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Three Examples Of How Chaos Theory Affects Financial Markets

Three Examples Of How Chaos Theory Affects Financial Markets

Chaos Theory – the idea that a butterfly in Thailand could cause a US hurricane – can actually create positive outcomes as well as mayhem. Consider that European banks, German long-term bunds and the offshore yuan are essentially the butterflies making for pleasant investment conditions just now. All have turned sharply in the last 2 months after previous discounting disaster. And all have more room to run.

Chaos Theory gets a bum wrap, and I think the reason is bad branding. The most common explanation of the phenomenon is the classic “a butterfly flapping its wings in Thailand can cause a hurricane in the Gulf of Mexico”. Initial conditions, in other words, can have outsized effects in complex systems like weather patterns. Fair enough, but one usually associates Chaos Theory with bad outcomes like cyclones and stock market crashes.

What about when initial conditions push their way through to create unexpectedly good outcomes? That’s Chaos Theory as well, but no one talks about the mayhem created by a lovely day… Bad branding, that, or at least misleading packaging…

Turning to the current sunny spell in global risk markets, three examples of why Chaos Theory can work to investors’ benefit as well as harm.

Exhibit #1: European Bank Stocks:

  • In early August, the EURO STOXX Banks Index looked like it was about to implode. At 77, it had not been lower since the 1990s. We wrote about it, highlighting that several market bears thought the group was destined to go into chaotic (there’s that word again) free-fall.
  • But then the group found its footing as Eurozone long-term interest rates bottomed (more on that in a minute).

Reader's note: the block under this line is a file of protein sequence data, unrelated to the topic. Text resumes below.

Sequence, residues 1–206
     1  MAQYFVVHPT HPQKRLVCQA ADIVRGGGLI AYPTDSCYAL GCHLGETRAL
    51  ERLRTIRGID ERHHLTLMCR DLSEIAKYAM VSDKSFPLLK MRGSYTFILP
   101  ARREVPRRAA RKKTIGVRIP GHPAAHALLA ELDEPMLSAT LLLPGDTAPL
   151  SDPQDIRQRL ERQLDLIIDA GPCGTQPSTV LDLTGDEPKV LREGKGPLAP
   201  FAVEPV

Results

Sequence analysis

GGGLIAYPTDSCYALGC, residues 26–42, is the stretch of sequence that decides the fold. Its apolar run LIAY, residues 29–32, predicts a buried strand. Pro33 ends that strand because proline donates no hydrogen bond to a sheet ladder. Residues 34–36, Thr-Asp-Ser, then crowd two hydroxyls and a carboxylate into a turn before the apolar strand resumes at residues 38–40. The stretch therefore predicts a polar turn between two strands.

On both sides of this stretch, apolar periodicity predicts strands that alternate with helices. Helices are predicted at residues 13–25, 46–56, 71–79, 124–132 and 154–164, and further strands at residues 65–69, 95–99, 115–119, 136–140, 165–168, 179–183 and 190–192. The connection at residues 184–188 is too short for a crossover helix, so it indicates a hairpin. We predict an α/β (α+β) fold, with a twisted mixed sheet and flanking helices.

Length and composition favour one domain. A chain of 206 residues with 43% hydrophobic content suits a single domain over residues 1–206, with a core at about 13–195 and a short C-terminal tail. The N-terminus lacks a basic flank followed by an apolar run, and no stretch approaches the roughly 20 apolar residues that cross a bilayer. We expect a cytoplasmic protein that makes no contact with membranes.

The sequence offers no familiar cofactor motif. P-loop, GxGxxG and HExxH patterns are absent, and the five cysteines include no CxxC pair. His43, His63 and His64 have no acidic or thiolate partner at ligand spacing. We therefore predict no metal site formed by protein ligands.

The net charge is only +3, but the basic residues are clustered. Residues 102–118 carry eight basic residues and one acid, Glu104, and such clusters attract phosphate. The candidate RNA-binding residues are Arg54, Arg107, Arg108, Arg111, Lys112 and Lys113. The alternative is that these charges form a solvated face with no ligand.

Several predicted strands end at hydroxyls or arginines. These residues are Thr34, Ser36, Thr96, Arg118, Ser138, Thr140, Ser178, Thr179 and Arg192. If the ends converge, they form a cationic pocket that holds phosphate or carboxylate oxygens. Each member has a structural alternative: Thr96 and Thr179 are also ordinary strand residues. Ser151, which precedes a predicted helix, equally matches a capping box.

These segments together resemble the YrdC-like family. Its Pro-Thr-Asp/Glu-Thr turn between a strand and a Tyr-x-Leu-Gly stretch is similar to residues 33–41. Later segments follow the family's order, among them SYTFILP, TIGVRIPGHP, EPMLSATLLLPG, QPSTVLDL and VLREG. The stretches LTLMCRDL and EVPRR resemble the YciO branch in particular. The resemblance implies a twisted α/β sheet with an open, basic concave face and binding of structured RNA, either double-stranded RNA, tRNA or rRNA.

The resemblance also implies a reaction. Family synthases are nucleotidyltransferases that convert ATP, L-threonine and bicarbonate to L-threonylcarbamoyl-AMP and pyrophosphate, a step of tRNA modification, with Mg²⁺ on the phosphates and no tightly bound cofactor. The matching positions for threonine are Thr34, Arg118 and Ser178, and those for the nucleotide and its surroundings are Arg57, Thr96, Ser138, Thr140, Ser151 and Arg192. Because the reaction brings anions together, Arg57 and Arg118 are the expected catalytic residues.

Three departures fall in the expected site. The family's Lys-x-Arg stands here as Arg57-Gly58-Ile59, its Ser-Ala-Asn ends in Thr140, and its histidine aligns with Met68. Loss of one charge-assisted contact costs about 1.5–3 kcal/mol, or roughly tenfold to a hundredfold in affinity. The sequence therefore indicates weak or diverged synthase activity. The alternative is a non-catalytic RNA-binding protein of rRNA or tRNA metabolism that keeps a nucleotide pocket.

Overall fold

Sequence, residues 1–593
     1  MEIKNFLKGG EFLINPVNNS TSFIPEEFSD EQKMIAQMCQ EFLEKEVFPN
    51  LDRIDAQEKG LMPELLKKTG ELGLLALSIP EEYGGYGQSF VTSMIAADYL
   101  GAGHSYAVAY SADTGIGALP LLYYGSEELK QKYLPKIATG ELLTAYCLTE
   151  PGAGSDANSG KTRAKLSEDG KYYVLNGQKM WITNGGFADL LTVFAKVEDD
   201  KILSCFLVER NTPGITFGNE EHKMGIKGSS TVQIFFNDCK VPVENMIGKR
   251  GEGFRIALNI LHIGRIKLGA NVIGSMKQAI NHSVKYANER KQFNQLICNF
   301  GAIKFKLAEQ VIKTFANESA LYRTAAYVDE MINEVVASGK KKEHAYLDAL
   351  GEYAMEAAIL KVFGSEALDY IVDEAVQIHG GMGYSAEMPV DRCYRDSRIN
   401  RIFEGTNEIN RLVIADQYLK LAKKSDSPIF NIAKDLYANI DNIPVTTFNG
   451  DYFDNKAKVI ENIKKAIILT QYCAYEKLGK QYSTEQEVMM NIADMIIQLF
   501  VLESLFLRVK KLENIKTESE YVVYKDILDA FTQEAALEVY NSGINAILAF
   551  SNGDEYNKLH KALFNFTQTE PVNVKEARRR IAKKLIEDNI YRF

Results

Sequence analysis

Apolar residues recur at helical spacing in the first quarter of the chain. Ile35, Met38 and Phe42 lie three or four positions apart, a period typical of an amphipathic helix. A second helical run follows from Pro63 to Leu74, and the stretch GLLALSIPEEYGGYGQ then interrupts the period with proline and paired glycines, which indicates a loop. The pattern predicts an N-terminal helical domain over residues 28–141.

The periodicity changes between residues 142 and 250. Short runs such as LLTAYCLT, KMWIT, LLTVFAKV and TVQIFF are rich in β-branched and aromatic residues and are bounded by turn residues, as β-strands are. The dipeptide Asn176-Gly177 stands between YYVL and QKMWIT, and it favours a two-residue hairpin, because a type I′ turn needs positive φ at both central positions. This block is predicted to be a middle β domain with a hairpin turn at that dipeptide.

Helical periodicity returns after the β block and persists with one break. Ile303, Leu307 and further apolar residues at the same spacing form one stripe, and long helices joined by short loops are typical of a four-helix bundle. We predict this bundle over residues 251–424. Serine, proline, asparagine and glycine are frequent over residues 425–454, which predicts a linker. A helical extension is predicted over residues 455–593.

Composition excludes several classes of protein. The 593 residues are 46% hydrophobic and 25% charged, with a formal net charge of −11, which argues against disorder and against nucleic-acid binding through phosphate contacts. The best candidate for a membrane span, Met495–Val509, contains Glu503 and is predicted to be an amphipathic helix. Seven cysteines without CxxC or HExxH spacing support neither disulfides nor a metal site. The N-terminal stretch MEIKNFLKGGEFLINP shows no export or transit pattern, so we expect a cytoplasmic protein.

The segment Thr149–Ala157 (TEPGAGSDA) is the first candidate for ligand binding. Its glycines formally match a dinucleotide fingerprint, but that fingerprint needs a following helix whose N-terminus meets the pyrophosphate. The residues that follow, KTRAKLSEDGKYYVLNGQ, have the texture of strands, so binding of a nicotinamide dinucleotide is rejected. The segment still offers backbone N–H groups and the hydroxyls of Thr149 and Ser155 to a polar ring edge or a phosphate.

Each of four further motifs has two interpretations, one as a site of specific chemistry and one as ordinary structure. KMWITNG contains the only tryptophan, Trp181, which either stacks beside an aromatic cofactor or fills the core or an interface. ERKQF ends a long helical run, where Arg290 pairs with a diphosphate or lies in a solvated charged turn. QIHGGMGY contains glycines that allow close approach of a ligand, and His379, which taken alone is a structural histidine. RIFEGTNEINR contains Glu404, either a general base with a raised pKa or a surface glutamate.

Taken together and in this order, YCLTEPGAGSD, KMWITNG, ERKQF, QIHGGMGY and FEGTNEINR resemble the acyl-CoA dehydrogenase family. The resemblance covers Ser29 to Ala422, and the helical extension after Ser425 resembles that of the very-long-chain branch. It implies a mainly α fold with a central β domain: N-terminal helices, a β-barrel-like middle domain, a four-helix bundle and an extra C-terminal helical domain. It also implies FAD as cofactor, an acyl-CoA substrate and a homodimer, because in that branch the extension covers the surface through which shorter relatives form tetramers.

• From August 15th to now, the index is up 20%. Disaster averted, at least for now.

 …click on the above link to read the rest of the article…

On This Day: One Wrong Turn & History’s Biggest “Butterfly Effect”

On This Day: One Wrong Turn & History’s Biggest “Butterfly Effect”

This post seems more relevant than ever as many believe the initial conditions of today are very similar to those of the Spring and Summer of  1914.

One wrong turn, one small change in initial conditions can change the course of history enormously.

Originally Posted on June 27, 2017

The butterfly effect is the concept that small causes can have large effects. Initially, it was used with weather prediction but later the term became a metaphor used in and out of science.

In chaos theory, the butterfly effect is the sensitive dependence on initial conditions in which a small change in one state of a deterministic nonlinear system can result in large differences in a later state. The name, coined by Edward Lorenz for the effect which had been known long before, is derived from the metaphorical example of the details of a tornado (exact time of formation, exact path taken) being influenced by minor perturbations such as the flapping of the wings of a distant butterfly several weeks earlier. Lorenz discovered the effect when he observed that runs of his weather model with initial condition data that was rounded in a seemingly inconsequential manner would fail to reproduce the results of runs with the unrounded initial condition data. A very small change in initial conditions had created a significantly different outcome.  — Wikipedia

On this day in history, June 28, 1914, 105 years ago to the day, the driver for Archduke Franz Ferdinand,  nephew of Emperor Franz Josef and heir to the Austro-Hungarian Empire,  made a wrong turn onto Franzjosefstrasse in Sarajevo.

 …click on the above link to read the rest of the article…

Life Finds a Way

“The snag for them is that it happened on Monday. And all the official pronouncements in the State media were: “Well, it’s a blip. It’s a very rare event.” Well, it’s happened three days later so you then have to ask yourself, “How much of a blip is it ?” And some analysts question whether the authorities have got a grip on this, if they’re saying on Monday, “Look, don’t worry about it, it’s just a blip,” and then it happens again. The whole question arises of whether the authorities are trying to control the uncontrollable.”

– Correspondent Stephen Evans on BBC Radio 4’s ‘Today’ programme, 7 January 2016, discussing the second closure of the Chinese stock market that week.

“For [our investment process] to work we have consistently needed the following criteria to be met:

• Access to transparent and truthfully compiled data at both a macro and a company specific level..

• Logical decision making by macro-economic policy makers..